Breaking Asbestos Litigation's Chokehold on the American Judiciary
Christopher J. O'Malley   |   2008 U. Ill. L. Rev. 1101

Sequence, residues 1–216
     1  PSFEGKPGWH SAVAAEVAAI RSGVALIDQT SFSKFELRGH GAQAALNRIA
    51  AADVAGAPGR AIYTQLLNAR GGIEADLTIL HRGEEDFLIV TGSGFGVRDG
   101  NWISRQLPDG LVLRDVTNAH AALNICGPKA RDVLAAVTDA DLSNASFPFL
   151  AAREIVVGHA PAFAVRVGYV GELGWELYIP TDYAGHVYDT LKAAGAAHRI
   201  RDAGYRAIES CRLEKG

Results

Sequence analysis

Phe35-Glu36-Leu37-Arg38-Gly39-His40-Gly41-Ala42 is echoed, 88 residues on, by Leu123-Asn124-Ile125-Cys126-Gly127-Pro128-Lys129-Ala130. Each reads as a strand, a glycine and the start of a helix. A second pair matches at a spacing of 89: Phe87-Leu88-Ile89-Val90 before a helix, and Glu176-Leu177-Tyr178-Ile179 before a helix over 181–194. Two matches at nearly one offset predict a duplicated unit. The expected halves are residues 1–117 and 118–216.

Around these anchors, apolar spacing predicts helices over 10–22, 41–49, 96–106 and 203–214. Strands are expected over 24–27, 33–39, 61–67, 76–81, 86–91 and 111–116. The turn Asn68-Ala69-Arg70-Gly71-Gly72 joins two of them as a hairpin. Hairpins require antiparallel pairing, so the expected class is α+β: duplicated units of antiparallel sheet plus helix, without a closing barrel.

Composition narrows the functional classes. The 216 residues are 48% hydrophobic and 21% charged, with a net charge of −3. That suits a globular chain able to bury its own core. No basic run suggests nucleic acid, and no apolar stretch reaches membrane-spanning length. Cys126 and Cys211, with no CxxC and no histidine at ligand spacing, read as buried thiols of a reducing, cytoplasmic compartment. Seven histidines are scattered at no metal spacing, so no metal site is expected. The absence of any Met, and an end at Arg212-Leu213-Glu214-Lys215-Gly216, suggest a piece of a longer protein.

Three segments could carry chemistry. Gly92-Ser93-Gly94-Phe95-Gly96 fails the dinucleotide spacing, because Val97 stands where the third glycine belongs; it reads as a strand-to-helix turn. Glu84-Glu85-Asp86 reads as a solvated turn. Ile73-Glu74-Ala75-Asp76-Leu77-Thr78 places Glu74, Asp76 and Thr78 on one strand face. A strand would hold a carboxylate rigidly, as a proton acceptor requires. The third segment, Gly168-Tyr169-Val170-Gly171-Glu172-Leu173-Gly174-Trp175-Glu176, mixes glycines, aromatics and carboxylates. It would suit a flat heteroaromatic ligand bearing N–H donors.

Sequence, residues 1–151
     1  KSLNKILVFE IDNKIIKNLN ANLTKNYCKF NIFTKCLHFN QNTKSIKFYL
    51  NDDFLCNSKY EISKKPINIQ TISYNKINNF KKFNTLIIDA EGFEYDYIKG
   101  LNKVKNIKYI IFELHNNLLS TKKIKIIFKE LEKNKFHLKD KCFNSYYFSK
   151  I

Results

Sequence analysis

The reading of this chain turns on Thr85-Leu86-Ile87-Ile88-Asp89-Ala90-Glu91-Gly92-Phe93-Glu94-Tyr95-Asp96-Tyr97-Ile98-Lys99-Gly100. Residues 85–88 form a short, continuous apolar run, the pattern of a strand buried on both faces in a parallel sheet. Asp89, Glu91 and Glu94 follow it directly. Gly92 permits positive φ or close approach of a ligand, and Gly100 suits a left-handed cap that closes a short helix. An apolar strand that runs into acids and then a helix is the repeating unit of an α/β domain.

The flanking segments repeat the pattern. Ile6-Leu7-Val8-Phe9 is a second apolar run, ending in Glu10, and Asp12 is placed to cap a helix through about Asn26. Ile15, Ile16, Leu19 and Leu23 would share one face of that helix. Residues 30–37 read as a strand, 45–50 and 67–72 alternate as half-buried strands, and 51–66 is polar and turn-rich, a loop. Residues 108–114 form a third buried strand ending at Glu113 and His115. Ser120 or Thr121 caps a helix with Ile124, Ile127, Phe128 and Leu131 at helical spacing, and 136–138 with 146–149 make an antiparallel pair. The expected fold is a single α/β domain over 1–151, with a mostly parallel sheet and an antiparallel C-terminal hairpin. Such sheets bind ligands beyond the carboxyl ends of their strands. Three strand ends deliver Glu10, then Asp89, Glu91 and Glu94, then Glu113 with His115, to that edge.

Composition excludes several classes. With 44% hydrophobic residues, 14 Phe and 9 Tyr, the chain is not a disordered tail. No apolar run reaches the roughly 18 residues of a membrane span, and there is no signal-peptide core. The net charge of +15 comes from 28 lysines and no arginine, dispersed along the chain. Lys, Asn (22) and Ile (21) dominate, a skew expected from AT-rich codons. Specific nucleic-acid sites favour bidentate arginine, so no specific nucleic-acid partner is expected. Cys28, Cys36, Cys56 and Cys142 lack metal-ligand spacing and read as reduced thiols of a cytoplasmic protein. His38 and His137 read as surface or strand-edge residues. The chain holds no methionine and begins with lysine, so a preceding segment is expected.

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Asbestos, flame-retardant and insulating fibrous minerals once used and still found in many buildings, is known to cause cancer, asbestosis, and other serious illnesses. The large number of claims against asbestos manufacturers has produced a unique period of litigation in the United States courts system, characterized by hundreds of thousands of individu-al claimants and insolvent or near-insolvent defendants. According to some, asbestos litigation is an impending disaster and crisis situation due to the vast judicial resources consumed by it as well as the uncertainty underlying diagnoses of asbestos-related diseases. Even though exposure to asbestos dramatically decreased many years ago, it is estimated that between 500,000 and 2.4 million more asbestos-related claims may be filed in the future. After a brief survey of the history of asbestos litiga-tion, the author explores the status of the litigation in U.S. courts today and analyzes a range of diverse proposals that strive to improve the effi-ciency and fairness of future proceedings. The author recommends im-plementing an administrative scheme modeled after the Black Lung Benefits Act and drawing upon the FAIR Act of 2005 as the fairest way to compensate claimants with asbestos-related diseases while ensuring timely processing of claims and stability for asbestos manufacturers facing bankruptcy.